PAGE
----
Quibi is a short-form streaming startup that's reportedly already raised $1.75 billion in advance of a launch scheduled for next month. But it ran into hot water on Tuesday, when interactive video company Eko filed a lawsuit accusing Quibi of stealing video-rotation technology that Eko had previously demoed for Quibi founder Jeffrey Katzenberg. Quibi seems to have known the suit was coming: A day prior, it filed a lawsuit of its own asking the courts to rule that Quibi's tech doesn't infringe on any Eko patents. 

5. A toy tilt

In other litigation news, a group of Toys R Us creditors and former suppliers filed a lawsuit this week accusing KKR, Bain Capital and other Toys R Us backers and executives of "breaches of fiduciary duty, fraudulent concealment, misrepresentations, and negligence" that helped contribute to more than $1.75 billion in unpaid pre-bankruptcy claims and some 31,000 lost jobs. It's hard to summarize a 111-page lawsuit in two sentences, so here's a more detailed breakdown.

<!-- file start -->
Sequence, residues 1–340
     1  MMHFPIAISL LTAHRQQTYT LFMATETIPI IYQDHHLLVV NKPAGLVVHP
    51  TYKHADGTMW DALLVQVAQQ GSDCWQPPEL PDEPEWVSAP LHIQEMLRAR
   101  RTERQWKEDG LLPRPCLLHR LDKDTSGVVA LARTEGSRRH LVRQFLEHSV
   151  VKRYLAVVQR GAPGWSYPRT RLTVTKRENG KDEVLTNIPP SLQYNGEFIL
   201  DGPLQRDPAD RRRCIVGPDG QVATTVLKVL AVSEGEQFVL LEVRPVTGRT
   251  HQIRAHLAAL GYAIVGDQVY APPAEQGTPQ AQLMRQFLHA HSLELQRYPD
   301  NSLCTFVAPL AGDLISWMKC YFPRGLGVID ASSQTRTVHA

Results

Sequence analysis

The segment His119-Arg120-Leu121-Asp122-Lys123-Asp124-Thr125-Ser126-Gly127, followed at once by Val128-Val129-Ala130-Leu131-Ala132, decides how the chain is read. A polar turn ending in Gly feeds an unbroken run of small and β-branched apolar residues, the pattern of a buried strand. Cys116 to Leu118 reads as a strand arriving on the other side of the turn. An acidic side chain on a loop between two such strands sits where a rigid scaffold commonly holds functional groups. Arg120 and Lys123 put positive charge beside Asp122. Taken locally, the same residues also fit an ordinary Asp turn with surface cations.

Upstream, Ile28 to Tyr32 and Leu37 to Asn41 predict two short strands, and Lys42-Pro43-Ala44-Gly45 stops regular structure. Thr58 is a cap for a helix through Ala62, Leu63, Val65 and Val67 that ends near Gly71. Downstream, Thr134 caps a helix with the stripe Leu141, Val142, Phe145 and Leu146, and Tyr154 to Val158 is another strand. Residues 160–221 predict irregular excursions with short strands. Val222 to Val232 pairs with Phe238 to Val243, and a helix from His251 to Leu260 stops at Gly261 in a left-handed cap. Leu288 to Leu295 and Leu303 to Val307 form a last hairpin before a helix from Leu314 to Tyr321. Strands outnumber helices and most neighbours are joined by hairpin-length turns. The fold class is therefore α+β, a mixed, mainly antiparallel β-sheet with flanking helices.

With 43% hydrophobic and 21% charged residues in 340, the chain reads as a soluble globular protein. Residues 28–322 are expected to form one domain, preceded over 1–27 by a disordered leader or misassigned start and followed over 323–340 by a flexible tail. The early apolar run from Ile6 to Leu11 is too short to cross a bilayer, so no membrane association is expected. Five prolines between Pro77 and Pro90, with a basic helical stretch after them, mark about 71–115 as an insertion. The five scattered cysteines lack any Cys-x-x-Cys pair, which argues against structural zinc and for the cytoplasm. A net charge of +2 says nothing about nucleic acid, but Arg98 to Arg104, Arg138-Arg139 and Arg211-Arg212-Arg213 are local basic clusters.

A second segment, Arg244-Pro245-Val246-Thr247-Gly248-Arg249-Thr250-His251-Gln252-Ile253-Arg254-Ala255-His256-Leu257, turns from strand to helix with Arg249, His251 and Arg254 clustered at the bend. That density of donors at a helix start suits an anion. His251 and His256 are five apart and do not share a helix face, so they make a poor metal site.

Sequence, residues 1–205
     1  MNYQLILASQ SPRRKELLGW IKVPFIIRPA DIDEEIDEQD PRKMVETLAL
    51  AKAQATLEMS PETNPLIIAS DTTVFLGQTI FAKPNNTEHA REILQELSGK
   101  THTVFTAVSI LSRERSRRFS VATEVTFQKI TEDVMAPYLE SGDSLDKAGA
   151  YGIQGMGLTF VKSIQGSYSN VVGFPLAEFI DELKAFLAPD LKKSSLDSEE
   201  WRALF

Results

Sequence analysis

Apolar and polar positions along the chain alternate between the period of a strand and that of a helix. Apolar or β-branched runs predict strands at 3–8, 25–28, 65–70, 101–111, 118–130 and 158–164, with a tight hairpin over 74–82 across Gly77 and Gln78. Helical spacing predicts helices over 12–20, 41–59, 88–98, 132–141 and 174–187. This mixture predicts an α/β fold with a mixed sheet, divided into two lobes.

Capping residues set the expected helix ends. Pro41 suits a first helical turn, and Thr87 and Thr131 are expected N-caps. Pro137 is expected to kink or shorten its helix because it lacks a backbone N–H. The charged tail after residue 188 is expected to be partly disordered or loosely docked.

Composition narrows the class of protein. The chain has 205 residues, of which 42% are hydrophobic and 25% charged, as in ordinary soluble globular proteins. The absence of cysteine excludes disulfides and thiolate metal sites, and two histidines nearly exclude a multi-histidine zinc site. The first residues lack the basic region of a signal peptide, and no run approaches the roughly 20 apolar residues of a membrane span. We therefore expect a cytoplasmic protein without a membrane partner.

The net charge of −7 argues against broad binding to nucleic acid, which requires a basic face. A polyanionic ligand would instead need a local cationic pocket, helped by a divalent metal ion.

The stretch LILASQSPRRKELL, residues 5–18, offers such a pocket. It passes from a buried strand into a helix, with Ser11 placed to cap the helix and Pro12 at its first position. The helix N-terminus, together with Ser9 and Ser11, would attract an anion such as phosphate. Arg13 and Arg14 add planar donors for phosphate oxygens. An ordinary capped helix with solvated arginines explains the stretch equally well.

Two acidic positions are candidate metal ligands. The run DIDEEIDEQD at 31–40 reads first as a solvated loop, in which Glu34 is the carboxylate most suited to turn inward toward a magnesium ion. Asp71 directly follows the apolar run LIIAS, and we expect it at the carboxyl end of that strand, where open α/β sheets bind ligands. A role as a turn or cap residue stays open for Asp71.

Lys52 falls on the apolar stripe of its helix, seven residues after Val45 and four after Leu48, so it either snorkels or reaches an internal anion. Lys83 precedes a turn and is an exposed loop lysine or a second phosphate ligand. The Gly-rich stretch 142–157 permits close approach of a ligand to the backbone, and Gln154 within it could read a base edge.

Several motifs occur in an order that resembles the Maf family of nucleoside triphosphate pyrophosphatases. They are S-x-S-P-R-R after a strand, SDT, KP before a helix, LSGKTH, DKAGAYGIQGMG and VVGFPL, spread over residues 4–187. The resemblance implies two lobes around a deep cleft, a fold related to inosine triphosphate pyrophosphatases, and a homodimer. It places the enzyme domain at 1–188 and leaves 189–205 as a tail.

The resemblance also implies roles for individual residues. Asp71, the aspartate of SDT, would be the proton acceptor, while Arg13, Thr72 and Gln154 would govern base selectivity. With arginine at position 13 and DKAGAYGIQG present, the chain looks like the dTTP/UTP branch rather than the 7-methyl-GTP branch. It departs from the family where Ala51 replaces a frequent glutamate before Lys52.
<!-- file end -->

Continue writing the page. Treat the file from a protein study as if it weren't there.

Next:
The battle over Toys R Us rages on. (Jack Taylor/Getty Images Europe)

6. Twitter's truce

A potential activist battle between Twitter and Elliott Management came to a quick conclusion this week, when Twitter announced a new partnership with Elliott and Silver Lake that involves three new board members and plans for $2 billion in stock buybacks. The deal also leaves Jack Dorsey in the CEO role, allowing him to dodge the ignominy of being forced out for the second time from the company he helped create.

7. Tesco & Tegna